Kroger settles with union on BLM button violation
May 9, 2023, 3:08 PM
(UFCW 21, YouTube)
A federal labor judge ruled in favor of Kroger employees’ rights to wear buttons in support of the Black Lives Matter (BLM) movement after several managers of Fred Meyer and QFC stores in Washington ordered workers to stop.
The decision aligns with a previous National Labor Relations Board (NLRB) from September 2021 that said the grocery chains violated labor laws.
Labor board: Fred Meyer, QFC ban on Black Lives Matter buttons violated law
Kroger responded to employees wearing BLM masks in the workplace by banning them outright. Workers then instead chose to wear union-distributed BLM buttons, which were also subsequently banned. The company offered black and white bracelets that read “Standing Together” as an alternative.
The United Food and Commercial Workers Local 21 (UFCW 21) then filed an unfair labor charge with the NLRB, alleging that Kroger had failed to adequately bargain with the union over rules surrounding the wearing of buttons at work and had prohibited workers from engaging in a protest against racism and inequality.
“One of the core values of the store is inclusion, so we did not think ‘Black Lives Matter’ was a radical statement for this business,” University Village QFC checker Motoko Kusanagi said in a news release. “The amount of pushback we received for such a small showing of support still sits wrong with me to this day. I’m glad we could fight back.”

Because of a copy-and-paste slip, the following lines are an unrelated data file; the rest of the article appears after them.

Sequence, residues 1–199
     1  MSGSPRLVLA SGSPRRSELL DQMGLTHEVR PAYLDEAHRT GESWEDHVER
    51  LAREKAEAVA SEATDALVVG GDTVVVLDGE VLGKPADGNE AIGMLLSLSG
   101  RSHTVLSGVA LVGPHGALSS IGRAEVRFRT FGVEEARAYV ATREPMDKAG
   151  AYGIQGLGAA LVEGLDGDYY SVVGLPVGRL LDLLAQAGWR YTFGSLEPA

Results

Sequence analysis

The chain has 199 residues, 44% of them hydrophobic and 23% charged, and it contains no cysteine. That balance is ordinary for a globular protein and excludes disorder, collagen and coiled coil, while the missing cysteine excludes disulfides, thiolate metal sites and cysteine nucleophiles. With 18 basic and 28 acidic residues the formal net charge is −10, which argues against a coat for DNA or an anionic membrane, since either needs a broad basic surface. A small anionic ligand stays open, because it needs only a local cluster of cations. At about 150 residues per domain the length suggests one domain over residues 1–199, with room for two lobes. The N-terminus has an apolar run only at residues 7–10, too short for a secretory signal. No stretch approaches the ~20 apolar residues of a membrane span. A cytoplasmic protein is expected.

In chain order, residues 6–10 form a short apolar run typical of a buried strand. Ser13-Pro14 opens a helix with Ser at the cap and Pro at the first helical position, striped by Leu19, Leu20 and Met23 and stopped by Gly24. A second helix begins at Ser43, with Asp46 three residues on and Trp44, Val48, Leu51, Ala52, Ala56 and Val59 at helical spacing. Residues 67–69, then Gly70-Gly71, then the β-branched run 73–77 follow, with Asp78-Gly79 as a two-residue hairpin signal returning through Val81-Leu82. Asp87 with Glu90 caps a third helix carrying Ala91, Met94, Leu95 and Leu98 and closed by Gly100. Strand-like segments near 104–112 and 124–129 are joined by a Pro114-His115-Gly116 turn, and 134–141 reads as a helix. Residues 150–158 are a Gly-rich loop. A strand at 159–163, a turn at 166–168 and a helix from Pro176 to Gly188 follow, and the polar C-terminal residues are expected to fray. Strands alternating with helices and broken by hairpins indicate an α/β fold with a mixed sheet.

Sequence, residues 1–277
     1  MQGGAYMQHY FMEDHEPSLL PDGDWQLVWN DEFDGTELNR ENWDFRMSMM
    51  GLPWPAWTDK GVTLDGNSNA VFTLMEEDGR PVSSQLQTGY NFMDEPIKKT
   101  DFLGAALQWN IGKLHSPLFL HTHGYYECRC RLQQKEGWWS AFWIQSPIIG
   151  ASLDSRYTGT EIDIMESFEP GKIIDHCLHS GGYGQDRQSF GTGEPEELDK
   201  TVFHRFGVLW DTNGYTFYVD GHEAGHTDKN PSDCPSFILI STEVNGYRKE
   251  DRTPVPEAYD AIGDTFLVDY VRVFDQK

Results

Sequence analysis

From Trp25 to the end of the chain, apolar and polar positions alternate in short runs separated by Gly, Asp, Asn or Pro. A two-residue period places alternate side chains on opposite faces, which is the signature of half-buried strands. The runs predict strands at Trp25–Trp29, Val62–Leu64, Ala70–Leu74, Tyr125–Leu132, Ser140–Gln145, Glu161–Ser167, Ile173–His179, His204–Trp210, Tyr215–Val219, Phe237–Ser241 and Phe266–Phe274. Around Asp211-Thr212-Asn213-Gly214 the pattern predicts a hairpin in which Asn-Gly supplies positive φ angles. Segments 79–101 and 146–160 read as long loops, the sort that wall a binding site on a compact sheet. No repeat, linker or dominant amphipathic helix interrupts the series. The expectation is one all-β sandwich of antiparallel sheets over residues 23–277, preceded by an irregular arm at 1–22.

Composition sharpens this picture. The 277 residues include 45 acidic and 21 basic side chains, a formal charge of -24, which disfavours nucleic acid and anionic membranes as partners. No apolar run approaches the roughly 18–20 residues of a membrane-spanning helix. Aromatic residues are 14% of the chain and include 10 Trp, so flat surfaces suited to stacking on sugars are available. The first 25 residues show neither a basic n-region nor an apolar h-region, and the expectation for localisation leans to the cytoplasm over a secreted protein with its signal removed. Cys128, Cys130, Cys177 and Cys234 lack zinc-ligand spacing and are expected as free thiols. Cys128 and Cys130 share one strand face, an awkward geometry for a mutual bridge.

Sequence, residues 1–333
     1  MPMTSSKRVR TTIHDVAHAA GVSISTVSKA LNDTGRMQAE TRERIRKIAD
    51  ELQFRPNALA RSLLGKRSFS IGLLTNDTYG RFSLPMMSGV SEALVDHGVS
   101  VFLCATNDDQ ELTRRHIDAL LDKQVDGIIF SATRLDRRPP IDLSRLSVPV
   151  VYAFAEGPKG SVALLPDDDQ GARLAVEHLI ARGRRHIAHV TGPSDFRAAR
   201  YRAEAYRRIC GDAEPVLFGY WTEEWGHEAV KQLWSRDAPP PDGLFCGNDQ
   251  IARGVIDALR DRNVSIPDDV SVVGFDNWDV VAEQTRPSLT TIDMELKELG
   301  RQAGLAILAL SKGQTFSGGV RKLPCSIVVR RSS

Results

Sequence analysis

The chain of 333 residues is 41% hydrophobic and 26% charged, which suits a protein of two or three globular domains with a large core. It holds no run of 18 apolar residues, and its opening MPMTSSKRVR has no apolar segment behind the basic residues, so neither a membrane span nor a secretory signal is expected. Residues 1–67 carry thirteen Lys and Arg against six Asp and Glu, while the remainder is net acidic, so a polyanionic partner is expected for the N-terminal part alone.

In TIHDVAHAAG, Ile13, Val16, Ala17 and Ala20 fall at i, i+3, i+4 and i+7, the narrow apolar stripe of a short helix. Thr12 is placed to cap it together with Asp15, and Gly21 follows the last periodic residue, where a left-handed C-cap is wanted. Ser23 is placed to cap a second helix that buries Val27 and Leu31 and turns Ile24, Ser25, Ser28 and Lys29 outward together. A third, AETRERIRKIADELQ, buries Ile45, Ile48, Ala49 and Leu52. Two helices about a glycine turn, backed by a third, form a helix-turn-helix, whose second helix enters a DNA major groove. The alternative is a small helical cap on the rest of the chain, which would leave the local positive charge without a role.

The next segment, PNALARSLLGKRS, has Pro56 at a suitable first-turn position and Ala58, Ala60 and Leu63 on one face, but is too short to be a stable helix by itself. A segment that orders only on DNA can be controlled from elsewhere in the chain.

The case could not reach a settlement and therefore went to trial in April of 2022 before an Administrative Law Judge (ALJ) ruled in favor of the workers Tuesday and found Kroger’s Fred Meyer and QFC had violated the workers’ rights. As a result of the ruling, the workers will be allowed to wear the buttons.
Administrative Law Judge Mara-Louise Anzalone wrote in the decision last week that “by collectively displaying the ‘Black Lives Matter’ message on their work uniforms, the employees, in this case, acted to advance their interest — as employees — to an affirmatively anti-racist, pro-civil rights, and pro-justice workplace.”
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Celebrating the victory, UFCW 3000 said they still have work to do to get equity for Black employees in hiring and promotions.
“It is important that workers’ rights and legal standards be protected,” UFCW 3000 President Faye Guenther said. “Kroger, the owner [of] QFC and Fred Meyer, continues to be a problem and needs to do a better job of hiring and promoting workers who are Black at every level of the company and making it clear that it will not tolerate racism from customers or employees.”